Javier Sykes, 21, said nothing will stop him from showing up. “They didn’t give up in the ’60s,” Sykes said, cradling a bandaged hand burned early Monday morning by what he presumed was a molotov cocktail.

“I’ve been out here protecting people. Now I’m getting attacked,” he said.

After kneeling under the sweltering midday sun as part of a silent group demonstration before the Capitol, several white people accompanied him as he walked toward his car.

“I have to be escorted to my car because I don’t feel safe walking,” he said, fearing he may continue to be targeted because of his leadership in the protests.

By Teresa Tomassoni
June 1, 2020 at 10:00 PM EDT

FBI charges Illinois man with rioting in Minneapolis

An Illinois man has been arrested on federal charges of crossing state lines to riot and possessing an unregistered destructive device, after he allegedly posted video to social media of himself handing out what he called “bombs” to protesters in Minneapolis.

Matthew Lee Rupert, 28, of Galesburg, Ill., was arrested early Sunday in Chicago for violating the curfew there.

The federal charges announced Monday come as Attorney General William P. Barr has blamed “outside radicals and agitators” for much of the violence in the protests, saying they are “exploiting the situation to pursue their own separate, violent, and extremist agenda.”

Barr has ordered FBI joint terrorism task forces around the country to investigate and pursue such suspects.

Read more here.

By Devlin Barrett
June 1, 2020 at 9:46 PM EDT

New York braces for another night of looting

The sound of buzz saws and hammers filled the streets of New York’s SoHo neighborhood on Monday, as workers hustled to board up windows in the upscale area.

By dusk, members of the Guardian Angels Safety Patrol, sporting red bowling-style jackets emblazoned with their group’s name, had gathered in anticipation of a long night ahead. On Sunday, looters had come through, breaking windows and stealing merchandise.

“We’re trying to see if we can help deter a lot of stuff,” said Jose Gonzalez, 44, who’s been with the Guardian Angels for more than two decades. Gonzalez has kept watch over the city in other tense times, like 9/11 and Hurricane Sandy in 2012.

But he can’t remember anything quite like this.

“I expect more for New Yorkers,” he said. “We’re just hoping and praying that it’s going to be a peaceful night compared to last night.”

Nearby, looters poured in and out of a Zumiez apparel store on Broadway, one block south of Union Square. Some carried so much stuff that items spilled from their arms as they sprinted.

“We want peace — don’t escalate things!” a man yelled in the direction of the looters. He was ignored.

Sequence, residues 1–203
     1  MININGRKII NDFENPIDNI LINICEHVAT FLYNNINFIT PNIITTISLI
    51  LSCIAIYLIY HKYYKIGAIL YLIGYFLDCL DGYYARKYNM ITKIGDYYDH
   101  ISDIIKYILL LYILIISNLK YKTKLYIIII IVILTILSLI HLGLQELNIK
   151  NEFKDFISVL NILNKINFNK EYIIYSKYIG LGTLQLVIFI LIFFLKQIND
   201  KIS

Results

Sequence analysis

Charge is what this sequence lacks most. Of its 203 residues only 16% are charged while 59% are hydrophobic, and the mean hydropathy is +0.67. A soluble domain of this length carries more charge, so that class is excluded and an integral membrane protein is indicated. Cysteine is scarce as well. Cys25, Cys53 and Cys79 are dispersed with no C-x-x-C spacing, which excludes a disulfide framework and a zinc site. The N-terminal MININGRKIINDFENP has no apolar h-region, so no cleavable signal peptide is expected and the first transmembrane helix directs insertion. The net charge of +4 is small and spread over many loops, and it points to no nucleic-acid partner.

Police in riot gear arrived at the store about 9 p.m., but it did little to deter the flow of foot traffic.

The city will face its first curfew in recent memory tonight at 11.

By Kayla B. Ruble and Shayna Jacobs
June 1, 2020 at 9:32 PM EDT

Protesters in St. Louis say ‘it’s time for everyone to get together'

Local hip-hop and reggae musician Rashid Bushido is tired of hearing about “all the black-on-black killings."

“It’s about time for a change,” said Bushido, who is black. "It’s time for everyone to get together; it’s not a black or white thing.”

Bushido was among more than 1,000 protesters who marched to St. Louis City Hall. Monday night.

This was a calm gathering, where people chanted and then stood quietly around organizers with megaphones. Dexter Peebles, a black drag dancer who grew up in Ferguson, brought 10 friends who were “a little timid to come out."

“It’s not all scary, like media says,” he said. "A lot of it is powerful and beautiful.”

A little after 7 p.m., organizers called an end to the gathering and most protesters dispersed throughout downtown St. Louis. About a dozen people approached two St. Louis police officers standing outside an SUV and started yelling.

After a few minutes, the officers got in their car and drove away. A couple hundred protesters gathered outside a monument dedicated to St. Louis firefighters and chanted, “Whose streets? Our streets!”

By Eric Berger
June 1, 2020 at 9:19 PM EDT

Peaceful D.C. protesters stand up to those who fall ‘out of line’

More than 100 protesters walked downtown, then up 14th Street NW, twice kneeling together. The diverse group, made up mostly of young people, urged their fellow protesters to stay away from police and yelled at one young man who threw a water bottle at police to go home.

“We are here for justice,” a young black man shouted as others knelt. “We ain’t here for no injustice. Say his name!”

“George Floyd!” the crowd roared.

“This is really amazing,” one young woman said, her left first raised as she watched her fellow protesters march through Thomas Circle, nearly two hours after curfew.

The diverse crowd was filled mostly with young people. They knelt again at 14th and N streets NW, shouting for justice.

“I think I finally broke my shoes in,” 24-year-old Andrew Burch, who had been marching for three hours, told his friend.